Distraction free writing - woman writing at a desk

Distraction-free writing

Posted by Aoife Porter
Picture of Aoife Porter
on 28 July 2020
Tools Writing tools Writing

From emails to social media and memes to fake news, is it any wonder we find it hard to concentrate on important tasks?

There are countless distractions waiting to pull you away from your strategically planned, productive day. Now is the time to put those disastrous diversions aside and set your focus on writing some kick-ass copy.

Although there are no complete cures, distraction-free text editors are one tool that can help you stay focused on your copy.

 

What is a ‘distraction-free text editor’? 

In short, they’re simple tools that hide everything except what you are writing. Some still include your fancy formatting, toolbars and taskbar, others cut them out. There are lots of  options available, and you (more than likely) already have at least one of them at your fingertips. 

Let’s look at what’s on offer.

 

Calmly 

Calmly is a web-based text editor. It’s one of the most personalised that I’ve used. Here are some features you might like:

  • Full-screen mode. Your Microsoft taskbar and chrome toolbar are out of sight and out of mind.
  • Dark mode. White on black. It’s what the cool kids use.
  • Typewriter sound. This can go one of two ways, soothing or annoying. Don’t worry – you can toggle it on or off.
  • OpenDyslexic. The option to write in OpenDyslexic font, which improves readability for dyslexic users.

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Microsoft Word

Whether you use the desktop or online version, both are available in full-screen, distraction-free mode. 

  • Hide the ribbon. Use the hide ribbon arrow in the top right-hand corner to get rid of the formatting tools.
  • Draft or web layout. Removes page breaks and margins.
  • Full-screen mode. For desktop press Alt+V, then U. For online it’s F11. For Mac, it’s control+command+F.

 

Google docs

Google docs is really similar to word online. If you use Google docs to write, then the little tip I shared at the beginning of this article will come in handy. Enter full-screen mode (F11 or control+command+F) and you’ll be pretty much distraction-free. 

 

HubSpot 

Composer is a writing and collaboration tool which allows you to write in HubSpot distraction-free. It is available for HubSpot marketing customers. 

To activate composer, use draft mode and go from there. To begin with, you will only be able to write and add images. Once you’re done writing, you can click ‘next’ to edit and format your blog post.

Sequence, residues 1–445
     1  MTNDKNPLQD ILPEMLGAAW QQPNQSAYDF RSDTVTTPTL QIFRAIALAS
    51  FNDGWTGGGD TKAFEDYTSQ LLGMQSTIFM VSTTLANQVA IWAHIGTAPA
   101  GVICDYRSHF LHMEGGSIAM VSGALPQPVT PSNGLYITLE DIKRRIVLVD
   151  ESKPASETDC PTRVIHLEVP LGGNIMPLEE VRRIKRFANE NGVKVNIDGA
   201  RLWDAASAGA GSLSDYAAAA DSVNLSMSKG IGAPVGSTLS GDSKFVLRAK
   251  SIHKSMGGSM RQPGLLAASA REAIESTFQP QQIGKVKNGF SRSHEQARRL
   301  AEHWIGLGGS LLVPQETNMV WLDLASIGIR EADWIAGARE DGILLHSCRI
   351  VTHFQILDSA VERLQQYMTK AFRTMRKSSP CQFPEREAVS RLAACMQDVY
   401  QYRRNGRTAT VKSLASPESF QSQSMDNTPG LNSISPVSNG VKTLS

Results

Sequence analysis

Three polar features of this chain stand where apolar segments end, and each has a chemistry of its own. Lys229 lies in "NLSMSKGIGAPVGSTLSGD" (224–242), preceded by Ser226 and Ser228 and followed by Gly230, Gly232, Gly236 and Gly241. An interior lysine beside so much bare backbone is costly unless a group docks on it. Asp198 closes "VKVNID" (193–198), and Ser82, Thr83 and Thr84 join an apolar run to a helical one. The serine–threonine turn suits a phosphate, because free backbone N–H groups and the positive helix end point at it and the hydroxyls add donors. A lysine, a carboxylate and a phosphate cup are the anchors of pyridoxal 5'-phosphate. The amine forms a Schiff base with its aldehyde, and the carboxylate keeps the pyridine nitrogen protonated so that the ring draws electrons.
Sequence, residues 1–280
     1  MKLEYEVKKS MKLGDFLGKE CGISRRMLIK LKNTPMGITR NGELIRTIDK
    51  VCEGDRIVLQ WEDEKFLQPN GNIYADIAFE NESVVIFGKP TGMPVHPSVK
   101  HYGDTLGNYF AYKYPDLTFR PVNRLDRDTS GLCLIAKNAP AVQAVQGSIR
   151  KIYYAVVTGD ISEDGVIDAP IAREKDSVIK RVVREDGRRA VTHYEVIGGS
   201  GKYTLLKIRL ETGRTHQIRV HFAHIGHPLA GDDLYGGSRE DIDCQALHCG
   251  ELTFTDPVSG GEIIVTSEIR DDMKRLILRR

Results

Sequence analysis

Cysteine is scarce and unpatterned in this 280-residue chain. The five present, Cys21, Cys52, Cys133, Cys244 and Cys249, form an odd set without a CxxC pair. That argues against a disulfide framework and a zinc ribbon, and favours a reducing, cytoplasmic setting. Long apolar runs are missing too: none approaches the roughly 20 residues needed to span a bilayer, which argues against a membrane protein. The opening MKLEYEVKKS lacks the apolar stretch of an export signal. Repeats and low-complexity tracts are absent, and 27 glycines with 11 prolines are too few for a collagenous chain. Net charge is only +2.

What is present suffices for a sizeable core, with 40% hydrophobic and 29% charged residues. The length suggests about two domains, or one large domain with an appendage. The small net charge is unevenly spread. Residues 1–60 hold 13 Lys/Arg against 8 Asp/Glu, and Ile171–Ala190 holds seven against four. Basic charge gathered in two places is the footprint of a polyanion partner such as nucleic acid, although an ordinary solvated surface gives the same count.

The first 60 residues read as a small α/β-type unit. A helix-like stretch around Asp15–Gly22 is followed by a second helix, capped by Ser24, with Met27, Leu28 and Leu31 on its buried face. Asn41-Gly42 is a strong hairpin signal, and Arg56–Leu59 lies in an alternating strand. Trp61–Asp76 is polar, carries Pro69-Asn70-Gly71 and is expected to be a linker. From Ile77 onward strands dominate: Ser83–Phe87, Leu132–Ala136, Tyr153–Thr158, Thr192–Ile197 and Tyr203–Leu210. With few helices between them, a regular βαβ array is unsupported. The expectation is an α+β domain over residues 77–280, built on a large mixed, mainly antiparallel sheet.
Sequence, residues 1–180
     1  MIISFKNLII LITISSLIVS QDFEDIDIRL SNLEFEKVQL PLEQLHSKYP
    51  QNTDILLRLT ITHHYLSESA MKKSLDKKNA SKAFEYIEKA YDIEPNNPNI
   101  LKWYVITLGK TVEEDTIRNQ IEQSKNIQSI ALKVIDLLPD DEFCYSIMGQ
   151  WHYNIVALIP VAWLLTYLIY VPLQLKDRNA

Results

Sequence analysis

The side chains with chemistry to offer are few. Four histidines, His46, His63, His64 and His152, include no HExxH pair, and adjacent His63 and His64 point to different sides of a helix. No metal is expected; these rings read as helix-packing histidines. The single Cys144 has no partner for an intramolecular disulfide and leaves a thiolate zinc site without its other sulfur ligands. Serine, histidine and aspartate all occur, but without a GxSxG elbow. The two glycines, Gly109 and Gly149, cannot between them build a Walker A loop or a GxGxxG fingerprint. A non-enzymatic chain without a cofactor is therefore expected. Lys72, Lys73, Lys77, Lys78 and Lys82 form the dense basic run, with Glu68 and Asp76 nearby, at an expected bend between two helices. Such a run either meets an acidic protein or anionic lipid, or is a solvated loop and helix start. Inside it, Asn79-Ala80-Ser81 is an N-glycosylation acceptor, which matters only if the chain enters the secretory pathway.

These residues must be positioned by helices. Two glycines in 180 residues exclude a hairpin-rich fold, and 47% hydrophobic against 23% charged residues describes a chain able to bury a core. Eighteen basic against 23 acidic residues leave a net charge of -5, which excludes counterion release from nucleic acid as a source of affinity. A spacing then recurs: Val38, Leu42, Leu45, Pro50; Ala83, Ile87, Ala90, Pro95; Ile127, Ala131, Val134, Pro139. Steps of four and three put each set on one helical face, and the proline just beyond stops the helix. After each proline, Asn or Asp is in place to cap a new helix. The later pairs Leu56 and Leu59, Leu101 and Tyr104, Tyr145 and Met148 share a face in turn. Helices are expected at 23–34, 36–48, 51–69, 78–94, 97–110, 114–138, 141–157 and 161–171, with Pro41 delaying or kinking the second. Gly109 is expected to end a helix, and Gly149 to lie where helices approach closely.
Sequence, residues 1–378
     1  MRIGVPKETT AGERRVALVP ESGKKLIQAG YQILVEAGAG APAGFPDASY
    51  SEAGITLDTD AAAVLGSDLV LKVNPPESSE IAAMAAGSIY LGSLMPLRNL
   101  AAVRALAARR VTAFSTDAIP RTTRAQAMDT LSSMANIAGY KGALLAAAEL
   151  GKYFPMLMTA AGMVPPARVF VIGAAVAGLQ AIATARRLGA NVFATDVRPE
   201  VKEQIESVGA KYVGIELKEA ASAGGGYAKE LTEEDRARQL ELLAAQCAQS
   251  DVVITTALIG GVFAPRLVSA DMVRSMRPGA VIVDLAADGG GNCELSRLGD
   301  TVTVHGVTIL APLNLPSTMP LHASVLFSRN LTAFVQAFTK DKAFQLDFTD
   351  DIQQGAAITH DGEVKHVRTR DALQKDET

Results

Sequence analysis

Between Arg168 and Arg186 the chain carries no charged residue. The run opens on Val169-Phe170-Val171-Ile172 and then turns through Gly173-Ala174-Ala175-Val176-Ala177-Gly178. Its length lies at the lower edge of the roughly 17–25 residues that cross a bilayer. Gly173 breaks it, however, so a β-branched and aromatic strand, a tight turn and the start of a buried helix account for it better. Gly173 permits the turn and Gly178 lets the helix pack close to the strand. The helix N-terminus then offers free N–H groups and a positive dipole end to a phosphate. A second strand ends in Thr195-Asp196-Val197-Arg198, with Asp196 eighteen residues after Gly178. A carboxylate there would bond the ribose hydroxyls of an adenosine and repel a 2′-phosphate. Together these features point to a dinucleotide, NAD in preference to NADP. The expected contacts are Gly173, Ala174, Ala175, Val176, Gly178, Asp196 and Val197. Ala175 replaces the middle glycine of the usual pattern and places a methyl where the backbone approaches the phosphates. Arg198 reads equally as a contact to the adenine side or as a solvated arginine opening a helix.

Wordpress

Wordpress also has a built-in focus mode. It’s pretty similar to the rest.

  • Full-screen mode. Does what it says on the tin.
  • Spotlight mode. Allows you to focus on one ‘block’ or section at a time. 

By putting your browser in full screen too, you’ll have a clean and calm environment to work in.

 

Writer

Writer is another web-based editor. The green on black text reminds me of The Matrix, which is fun. Once you create an account, you start writing. It’s just you and the words – no fancy editing tools. All your documents will be saved on the servers. 

 

JDarkRoom

For the experimenters, try JDarkRoom. It’s got some nifty additions.

  • Scrollbar. Unlike in Q10 (below), the text does not appear static.
  • Formatting. Supports rich text and formatting (bold, italic).
  • iPhone version. You can use it on your iPhone when you’re out and about.

Q10

Q10 is a lightweight and intuitive free program. Its features include:

  • Built-in timer. Set it and write; it’ll tell you when to take a break.
  • Portability. You can run the program from a USB.
  • Customisation. You can choose the colours for the background and text.
  • Memory. No matter whether you save your writing or not, the next time you open Q10 your most recent article will appear
  • Differential word count. It can keep track of how many words you write in each session.

There’s no scroll bar, but you can use arrow keys or page up and down keys to move through the text. Other than that, there are no tragic flaws in the software. 

Bonus tip: If you really want to get in the zone, turn off notifications. Use focus assist on your Microsoft device or PC or do not disturb mode on your Mac device.

Maximising returns

When it comes to transcribing ideas from your head to the computer screen in a calm environment, these tools and tips are where it’s at. 

Using the right editor is only a part of the equation, though. There’s more advice where that came from: check out the 22 essential tips to help you concentrate on writing

The moral of the story? Good writing often results from a simple and calm environment. Get rid of those distractions as soon as possible, and get writing.

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[Editor’s note: this article was originally written by Jan Felt in 2009. It has since been updated and republished in May 2020.]





See also: how to write

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